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The Five Levels of Teams: Where Are You on the Team Curve?

Jim Taggart

The modern workplace has moved away from the lone expert grinding away at her craft, to a landscape dominated by teams and group activity.  This trend will only increase as Gen Y and Gen Z - with their propensity for working in groups and sharing information and ideas - enter the workforce.

Because of the this traditional, individual focus on work, performance management has also focussed on the individual.  However, the new reality of team effort requires that we view the performance metrics of teamwork in a standard framework as well.  In response, Jon Katzenbach and Douglas Smith have identified five levels of teamwork and have mapped them on the Team Performance Curve.

The five levels of teamwork can be plotted on an X-Y axis. It’s essentially a J-shaped curve, starting on the Y (vertical) axis, then sloping down to touch the X (horizontal) axis, and then bending back upwards to the right. The five levels of teams are located along this curve.


1) The Working Group

The members interact mainly to share information and best practices and to make decisions. There are no common purpose or performance goals that require mutual accountability. The purpose of this group is only to specify the roles of its members and to delegate tasks.

Its members only take responsibility for their own results. Therefore, the focus is on individual performance. The key here is there is no significant, incremental performance need or opportunity that requires the group to become a team. Working groups are found throughout organizations, whether in business or government.

2) Pseudo Team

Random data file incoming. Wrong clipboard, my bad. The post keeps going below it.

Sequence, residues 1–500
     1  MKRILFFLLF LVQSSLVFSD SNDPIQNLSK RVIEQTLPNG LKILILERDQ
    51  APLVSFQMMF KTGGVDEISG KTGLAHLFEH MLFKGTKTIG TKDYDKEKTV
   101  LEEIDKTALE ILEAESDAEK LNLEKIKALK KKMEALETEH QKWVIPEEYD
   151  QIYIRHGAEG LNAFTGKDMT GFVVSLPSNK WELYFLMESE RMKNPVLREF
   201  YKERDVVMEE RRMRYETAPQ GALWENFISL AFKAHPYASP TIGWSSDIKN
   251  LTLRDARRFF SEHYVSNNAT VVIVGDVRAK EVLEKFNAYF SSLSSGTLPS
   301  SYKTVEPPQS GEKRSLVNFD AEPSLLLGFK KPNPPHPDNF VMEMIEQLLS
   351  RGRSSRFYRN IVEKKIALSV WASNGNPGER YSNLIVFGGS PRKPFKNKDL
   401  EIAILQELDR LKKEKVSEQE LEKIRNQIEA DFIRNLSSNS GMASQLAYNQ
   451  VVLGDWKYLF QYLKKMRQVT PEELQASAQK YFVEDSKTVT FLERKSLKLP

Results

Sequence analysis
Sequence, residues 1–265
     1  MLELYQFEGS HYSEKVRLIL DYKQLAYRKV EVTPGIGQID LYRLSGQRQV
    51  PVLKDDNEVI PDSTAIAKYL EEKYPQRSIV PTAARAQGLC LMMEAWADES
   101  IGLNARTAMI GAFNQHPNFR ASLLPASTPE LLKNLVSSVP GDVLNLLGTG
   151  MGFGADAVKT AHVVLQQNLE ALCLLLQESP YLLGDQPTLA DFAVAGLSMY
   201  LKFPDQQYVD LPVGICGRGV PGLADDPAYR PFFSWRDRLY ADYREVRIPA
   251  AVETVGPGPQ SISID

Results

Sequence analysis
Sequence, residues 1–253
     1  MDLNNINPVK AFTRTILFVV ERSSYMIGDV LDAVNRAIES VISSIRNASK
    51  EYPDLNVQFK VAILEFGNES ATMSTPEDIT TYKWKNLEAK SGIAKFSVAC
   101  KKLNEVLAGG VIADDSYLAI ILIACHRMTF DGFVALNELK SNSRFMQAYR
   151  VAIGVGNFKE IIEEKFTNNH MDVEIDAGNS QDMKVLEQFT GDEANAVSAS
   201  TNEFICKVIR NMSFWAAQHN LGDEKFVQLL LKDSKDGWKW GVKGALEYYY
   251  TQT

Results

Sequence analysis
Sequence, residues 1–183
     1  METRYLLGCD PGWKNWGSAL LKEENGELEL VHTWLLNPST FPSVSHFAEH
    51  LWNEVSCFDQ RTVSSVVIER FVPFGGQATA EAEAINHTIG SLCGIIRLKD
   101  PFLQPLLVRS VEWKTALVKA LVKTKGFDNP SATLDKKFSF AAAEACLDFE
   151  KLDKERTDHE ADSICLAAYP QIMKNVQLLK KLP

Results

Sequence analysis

There’s a potential for significant, incremental gain here. The team has not, however, focused on collective performance. The members don’t want to take the risks necessary to become a potential team. They are not interested in creating a common purpose or setting performance goals.

The pseudo team resides at the bottom of the performance curve and is the weakest of the five levels. What is especially dangerous about the pseudo team is that the members believe that they are a real team, yet they produce inferior results.

3) The Potential Team

There is a significant, incremental gain in performance with this type of team. The members are working hard to achieve a higher level of performance. However, the members must work on developing a clear purpose, goals, and common approach. The members must also agree on mutual accountability. This form of teamwork is very common in organizations. This is also where the greatest gain in performance comes, from being a potential team to a real team.

4) The Real Team

This consists of a small group of people who share a common purpose, goals, and approach to work. The members have complementary skills. They hold themselves mutually accountable for their results. The performance impact and results of the real team are much greater than the potential team and working group.

5) The High Performance Team

This has all the characteristics of a real team, but the members are deeply committed to one another’s personal growth and development. They far out-perform all other teams. The members form powerful relationships. Moving from a real team to a high performance team requires a very strong personal commitment. In effect, what is needed is a leap of faith.

So where does your team sit on the curve?

This post originally appeared on Jim Taggart's Changing Winds blog as part three in a multi-part series on teams and team developement. You can read the original post here.

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About this Article

Posted by Jim Taggart
Posted on February 1, 2011

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Categories: hr & talent management, leadership, performance measurement, project management